15 Table 5: Number of graduates by area of concentration and degree earned Area of Doct. Prof. Total Assoc. Bach. Mast. Concentration Practice Doct. Agriculture, agriculture operations 1, Architecture and related services Biological and biomedical sciences 3, , Business, management, marketing 18,631 2,904 12,026 3, Communications, journalism 5, ,134 1, Communications technologies/technicians Computer and information sciences 2, Education 17, ,528 8, Engineering 4, ,262 1, Engineering technologies and engineeringrelated fields 2, , English language and literature/letters 1, , Family and consumer/human sciences 1, , Foreign languages, literatures, and linguistics Health professions and related programs 18,480 6,680 4,867 2,520 3, History 1, , Homeland security, law enforcement, firefighting and related protective services 3, , Legal professions and studies 1, ,357 0 Liberal arts and sciences, general studies and humanities 11,999 3,547 8, Library science Mathematics and statistics Mechanic and repair technologies/technicians Multi/interdisciplinary studies 2, , Natural resources and conservation 1, Parks, recreation, leisure, and fitness 1, , Personal and culinary services Philosophy and religious studies Physical sciences 1, Precision production Psychology 3, , Public administration and social service 2, , Science technologies/technicians Social sciences 4, , Transportation and materials moving Visual and performing arts 2, , Total 118,242 18,581 67,872 23,297 5,479 1,322 8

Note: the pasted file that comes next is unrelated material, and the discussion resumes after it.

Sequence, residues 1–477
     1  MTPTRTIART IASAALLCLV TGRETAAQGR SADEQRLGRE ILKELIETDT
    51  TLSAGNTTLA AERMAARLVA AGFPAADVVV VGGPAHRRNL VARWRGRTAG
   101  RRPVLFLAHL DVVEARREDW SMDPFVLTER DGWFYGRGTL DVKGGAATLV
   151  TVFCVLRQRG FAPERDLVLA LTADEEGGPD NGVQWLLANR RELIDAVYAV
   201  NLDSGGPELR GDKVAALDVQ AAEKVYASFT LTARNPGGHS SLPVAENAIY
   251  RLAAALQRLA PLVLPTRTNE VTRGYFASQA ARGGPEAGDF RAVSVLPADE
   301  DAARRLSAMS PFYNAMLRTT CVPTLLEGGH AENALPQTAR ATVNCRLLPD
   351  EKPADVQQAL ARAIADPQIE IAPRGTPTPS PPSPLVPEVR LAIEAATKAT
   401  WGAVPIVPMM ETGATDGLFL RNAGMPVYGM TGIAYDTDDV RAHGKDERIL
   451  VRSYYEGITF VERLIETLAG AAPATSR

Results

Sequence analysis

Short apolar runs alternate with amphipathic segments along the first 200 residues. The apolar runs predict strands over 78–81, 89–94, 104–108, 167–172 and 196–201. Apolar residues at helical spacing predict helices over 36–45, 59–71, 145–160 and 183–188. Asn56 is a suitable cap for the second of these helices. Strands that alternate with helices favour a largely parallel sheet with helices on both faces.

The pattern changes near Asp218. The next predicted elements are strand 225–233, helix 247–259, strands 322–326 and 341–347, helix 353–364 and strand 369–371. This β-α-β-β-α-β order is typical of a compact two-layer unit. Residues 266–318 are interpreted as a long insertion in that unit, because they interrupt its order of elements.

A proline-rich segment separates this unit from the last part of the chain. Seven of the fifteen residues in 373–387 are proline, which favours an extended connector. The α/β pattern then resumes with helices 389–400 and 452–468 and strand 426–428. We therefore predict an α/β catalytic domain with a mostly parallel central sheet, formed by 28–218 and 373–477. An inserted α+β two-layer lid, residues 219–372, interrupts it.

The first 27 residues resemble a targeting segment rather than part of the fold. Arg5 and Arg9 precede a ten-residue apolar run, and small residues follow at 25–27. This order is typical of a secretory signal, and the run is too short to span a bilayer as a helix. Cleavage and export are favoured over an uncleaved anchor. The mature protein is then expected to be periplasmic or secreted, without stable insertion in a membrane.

16 The level of degree earned varies considerably across areas of concentration. Health professions dominates the associate s degree category, while business had the largest number of graduates who earned bachelor s degrees. Master s degree graduates are highly concentrated in education, which constituted 38.3 percent of all master s degrees earned. Doctoral professional practice degrees are exclusively in education, health professions, legal professions, and psychology. Doctorates are heavily concentrated in biological sciences, engineering, physical sciences, and public administration. Many of the skilled trade degrees exhibit the highest rates of work participation. Precision production had the highest work participation rate with 75.6 percent, as shown in Table 6, followed by science technologies; mechanic and repair technologies; and personal and culinary services. As shown above in Table 5, most of the graduates in these fields earned associate s degrees. Education also exhibited a very high work participation rate, with 60.8 percent of graduates working in the state, as did engineering technologies and health professions. Architecture had the lowest work participation rate with only 18.1 percent of graduates working in the state. The next four lowest areas in terms of work participation were parks, recreation, leisure, and fitness studies; foreign languages, literatures, and linguistics; engineering; and mathematics and statistics. Each of these areas exhibit work participation rates in the upper-20- percent range. Graduates earning the highest annual incomes earned degrees in the engineering, legal professions, health professions, and engineering technologies fields. Engineering graduates earned an average annual income of $70,004, which is approximately 67 percent above the overall average of $41,847. Wages in legal professions, health professions, and engineering technologies fields range from 27 percent to 48 percent above the overall average. Wages were lowest for personal and culinary services; visual and performing arts; foreign languages, literatures, and linguistics; and family and consumer sciences. These areas all report average incomes in the low-$20-thousand range, which is around 50 to 60 percent of the overall average. 9